(Bloomberg) -- On a sun-baked stage in the lush green grounds of a grand hotel in the Bavarian Alps, there was a conspicuous absence on Sunday evening. Boris Johnson had, just hours before, been confirmed to appear at a Group of Seven event on global infrastructure and investment, where he’d speak alongside US President Joe Biden. But he didn’t show -- his team saying it didn’t work with his schedule.
The decision not to appear was clearly a last-minute one. European Commission president Ursula von der Leyen, standing alongside Biden and four other world leaders, referred to “Boris” in her speech as if he were there.
It’s unclear how Johnson spent the time instead. But it came as his advisers faced questions about the premier’s relationship with Biden given there is no plan currently for a bilateral meeting at either the G-7 summit in Germany or the NATO gathering that follows in Madrid.
The long-running and oft-cited US-UK “special relationship” means a one-on-one chat usually happens at such events. And Biden and Johnson have for months worked closely on Ukraine, especially on sending weapons in to help it fight Russia, even as France and others suggest President Volodymyr Zelenskiy should keep the door open to talks with Vladimir Putin.
Both the UK and US played down rumors of any row: A US official said there would be multiple opportunities for leaders to interact at dinners and on the margins of the sessions, a line repeated by the prime minister’s spokesman. Johnson had a cordial chat with Biden before the side event and told him he wouldn’t be appearing, a person familiar with the matter said.
Still, the lack of a bilateral sit down so far stood out, particularly given their public chumminess at last year’s G-7 summit at the English seaside. Back then Johnson hailed Biden as a “breath of fresh air” after Donald Trump’s turbulent administration. Even then, differences loomed -- not least on the UK premier’s handling of the aftermath of Brexit and concerns that any move to tear up the Northern Ireland protocol on trading arrangements with Europe could risk the delicate peace process in the country.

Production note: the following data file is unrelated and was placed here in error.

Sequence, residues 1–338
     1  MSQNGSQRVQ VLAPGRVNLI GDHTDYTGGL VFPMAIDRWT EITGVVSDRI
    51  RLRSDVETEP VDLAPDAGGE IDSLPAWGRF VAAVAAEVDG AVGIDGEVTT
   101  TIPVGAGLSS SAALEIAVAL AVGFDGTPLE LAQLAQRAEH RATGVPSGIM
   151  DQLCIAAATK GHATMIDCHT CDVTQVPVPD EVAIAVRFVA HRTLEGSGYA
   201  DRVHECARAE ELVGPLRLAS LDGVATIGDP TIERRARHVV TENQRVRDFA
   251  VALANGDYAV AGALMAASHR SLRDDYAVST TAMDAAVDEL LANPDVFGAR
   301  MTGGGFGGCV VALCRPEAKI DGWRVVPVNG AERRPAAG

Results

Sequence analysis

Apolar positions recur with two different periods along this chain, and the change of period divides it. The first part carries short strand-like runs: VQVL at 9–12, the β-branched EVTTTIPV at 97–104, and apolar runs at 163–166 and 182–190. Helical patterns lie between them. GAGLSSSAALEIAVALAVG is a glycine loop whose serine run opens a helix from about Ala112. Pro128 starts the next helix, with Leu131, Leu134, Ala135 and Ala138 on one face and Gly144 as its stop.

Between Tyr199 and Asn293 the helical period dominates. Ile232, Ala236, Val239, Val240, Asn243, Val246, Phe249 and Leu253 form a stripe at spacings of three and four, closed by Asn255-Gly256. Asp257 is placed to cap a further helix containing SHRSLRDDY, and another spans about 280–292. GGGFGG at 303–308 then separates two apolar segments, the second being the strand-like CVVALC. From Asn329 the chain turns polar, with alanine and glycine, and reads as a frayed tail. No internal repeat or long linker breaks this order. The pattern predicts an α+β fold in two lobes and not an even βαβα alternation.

Johnson’s trip to the White House in September laid bare the strains. In front of the media, Biden made clear he was putting a US-UK trade deal on the back burner -- a move that undermined the British prime minister in the clearest possible terms. For Johnson, it meant that one of his big promises of Brexit was in jeopardy.
The UK premier also came to this summit in Germany on the back foot domestically, having recently survived a no-confidence vote from his own lawmakers and with his Tories losing two key by-elections in one day. A burgeoning cost of living crisis in the UK, with inflation at 40-year highs, is set to keep the pressure on and the attacks from his own ranks and the Labor opposition coming.
While lawmakers are set to debate the prime minister’s controversial new law that would give ministers the power to unilaterally rewrite the bulk of the Northern Ireland protocol, behind the scenes his Conservative MPs are also discussing the future of their leader.